Men seeking addiction treatment still outnumber women, although the gender gap is slowly closing. In 2014, the last year for which statistics are available from the federal government, approximately 68 percent of people entering treatment were male and 32 percent were female. That translates into roughly double the number of men battling a substance abuse disorder.
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Addiction Patterns in Men versus Women
Men often begin abusing drugs earlier than women. According to the National Survey on Drug Use and Health, 11.5 percent of males ages 12 and over were using illicit substances compared with 7.3 percent of women.
Women often begin with social drinking and progress to heavier drinking, often hiding drinking patterns by drinking alone and at home. Men, on the other hand, are more prone to binge drinking and progressing quickly to experimentation with other substances. According to the Centers for Disease Control, 17 percent of men compared to 8 percent of women will experience health-related problems due to problem drinking.
Men also differ from women in illicit drug use patterns. Women often abuse prescription painkillers, perhaps because women suffer disproportionately from diseases such as fibromyalgia and chronic fatigue, which are often treated with painkillers.
Individuals turn to drugs and alcohol for different reasons, but men often cite different reasons than women for using illicit substances. Women tend to self-medicate with alcohol, marijuana, tranquilizers, and other prescription drugs to alleviate anxiety or depression. Men, on the other hand, often turn to illicit drugs when they are feeling good to maintain the feeling of power, competency, and control.
Special Concerns for Gay, Bisexual, and Trans Men
Most of the studies on drug and alcohol use among men and men entering addiction treatment facilities refer to heterosexual men. But what about gay, bi, and trans men?
The CDC reports that these individuals are more likely to abuse drugs and alcohol than straight men. They have a tougher time quitting, and many remain heavy drinkers late into life. Gay and bi men are also more likely to abuse erectile dysfunction drugs, “poppers,” and methamphetamine, which can lead to risky sexual behavior and contracting HIV/AIDS.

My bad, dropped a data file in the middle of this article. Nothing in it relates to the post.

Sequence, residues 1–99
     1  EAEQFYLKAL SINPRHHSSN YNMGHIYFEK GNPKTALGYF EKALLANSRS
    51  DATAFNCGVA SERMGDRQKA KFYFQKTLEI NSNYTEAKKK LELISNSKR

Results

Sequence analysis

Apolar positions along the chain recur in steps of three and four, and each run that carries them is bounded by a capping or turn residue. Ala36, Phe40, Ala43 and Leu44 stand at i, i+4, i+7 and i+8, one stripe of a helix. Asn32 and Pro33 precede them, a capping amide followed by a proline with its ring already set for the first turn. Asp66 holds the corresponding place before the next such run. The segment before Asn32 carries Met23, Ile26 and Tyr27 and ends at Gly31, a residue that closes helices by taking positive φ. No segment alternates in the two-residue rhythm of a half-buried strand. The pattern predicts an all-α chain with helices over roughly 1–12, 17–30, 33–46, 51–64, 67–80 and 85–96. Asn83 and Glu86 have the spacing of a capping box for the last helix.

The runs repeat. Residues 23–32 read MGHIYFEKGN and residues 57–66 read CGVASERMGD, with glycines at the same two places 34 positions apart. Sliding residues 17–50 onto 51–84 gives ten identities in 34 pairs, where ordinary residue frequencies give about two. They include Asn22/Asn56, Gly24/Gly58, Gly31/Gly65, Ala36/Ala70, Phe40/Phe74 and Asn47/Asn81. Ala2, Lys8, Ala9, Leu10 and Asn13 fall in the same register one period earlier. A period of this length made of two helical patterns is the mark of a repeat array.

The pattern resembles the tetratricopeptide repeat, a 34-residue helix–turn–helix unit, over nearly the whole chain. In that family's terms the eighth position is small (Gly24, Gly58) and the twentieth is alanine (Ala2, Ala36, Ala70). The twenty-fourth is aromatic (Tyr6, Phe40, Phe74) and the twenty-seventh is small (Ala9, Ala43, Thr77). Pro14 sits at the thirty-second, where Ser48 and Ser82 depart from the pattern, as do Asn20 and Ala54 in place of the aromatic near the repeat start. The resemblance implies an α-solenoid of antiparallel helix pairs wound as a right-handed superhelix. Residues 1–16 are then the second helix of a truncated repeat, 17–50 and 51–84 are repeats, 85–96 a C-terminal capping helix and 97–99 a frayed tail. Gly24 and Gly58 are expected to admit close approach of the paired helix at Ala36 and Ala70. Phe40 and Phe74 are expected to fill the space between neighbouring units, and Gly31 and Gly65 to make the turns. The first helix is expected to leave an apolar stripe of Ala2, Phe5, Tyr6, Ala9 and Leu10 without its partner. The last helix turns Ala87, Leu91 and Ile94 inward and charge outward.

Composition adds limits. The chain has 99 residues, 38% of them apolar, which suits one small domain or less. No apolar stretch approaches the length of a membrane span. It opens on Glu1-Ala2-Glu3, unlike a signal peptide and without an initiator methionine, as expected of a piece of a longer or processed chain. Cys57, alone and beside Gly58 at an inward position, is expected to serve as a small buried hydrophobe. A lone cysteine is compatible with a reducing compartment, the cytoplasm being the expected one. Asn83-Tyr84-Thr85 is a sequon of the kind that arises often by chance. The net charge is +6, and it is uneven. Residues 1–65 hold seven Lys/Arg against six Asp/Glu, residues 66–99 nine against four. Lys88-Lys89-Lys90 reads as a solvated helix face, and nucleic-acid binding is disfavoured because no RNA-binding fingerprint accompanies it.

While it’s essential for all men seeking addiction treatment to find and get the help they need, it’s even more important for gay and bi men who may be putting their lives at risk by contracting HIV/AIDs.
Urging Men to Seek Treatment
The consequences of drug and alcohol abuse are serious. For men, they can lead to loss of control, domestic abuse, and incarceration. Men often enter addiction treatment through the court system rather than of their own volition.
Men may need help admitting they have a problem with drugs or alcohol. Men tend to think they can handle any problem on their own and are loathe to ask for help when they need it. They may also deny that their illicit drug use causes problems unless forced to confront it after an arrest or incarceration.
Intervention may be necessary for men. In an intervention, a professional interventionist gathers family and friends and coaches them on how to confront an individual on their drug or alcohol abuse and consequent behavior. The meeting takes place in a neutral environment. Family and friends share specific situations and facts about how the addicted person’s behavior affects them. The interventionist has a substance abuse treatment center waiting if the subject of the intervention agrees to go into treatment.
According to Psychology Today, interventions may be a last-ditch effort for families desperate to get a loved one into treatment. For men who refuse to admit they have a problem with drugs or alcohol, looking into the eyes of their spouses, children, parents, and friends and hearing the emotional toll their abuse is taking on those they love may be what they need to push them into treatment.
Available Treatment Options
Treatment programs for men and women both include detox as well as individual and group therapy, 12-Step programs, and holistic support services. Men may find it easier to share their feelings with other men, so gender-specific group sessions and 12-Step meetings may be a better fit.
A comprehensive program of recovering includes treatment for body, mind, and spirit. Aftercare services, including family and social support, are critical. Men especially need additional support once they leave treatment. Relapse occurs frequently in men who live alone and experience social pressure. A strong treatment program for men should include addressing how to live outside the safe boundaries of the treatment center once clients return to their homes and communities.
If you’re ready to seek treatment, Bel Aire Recovery Center offers medically-supervised detox and a comprehensive treatment program for both men and women. Treatment services include detox, counseling, cognitive behavioral therapy, exercise, and other services to help individuals with substance use disorders recover in body, mind, and spirit.
Addiction strikes both men and women, but each lives with different consequences and faces different challenges due to addiction. If you suspect your drinking or substance use has gone out of control, it’s time to seek help.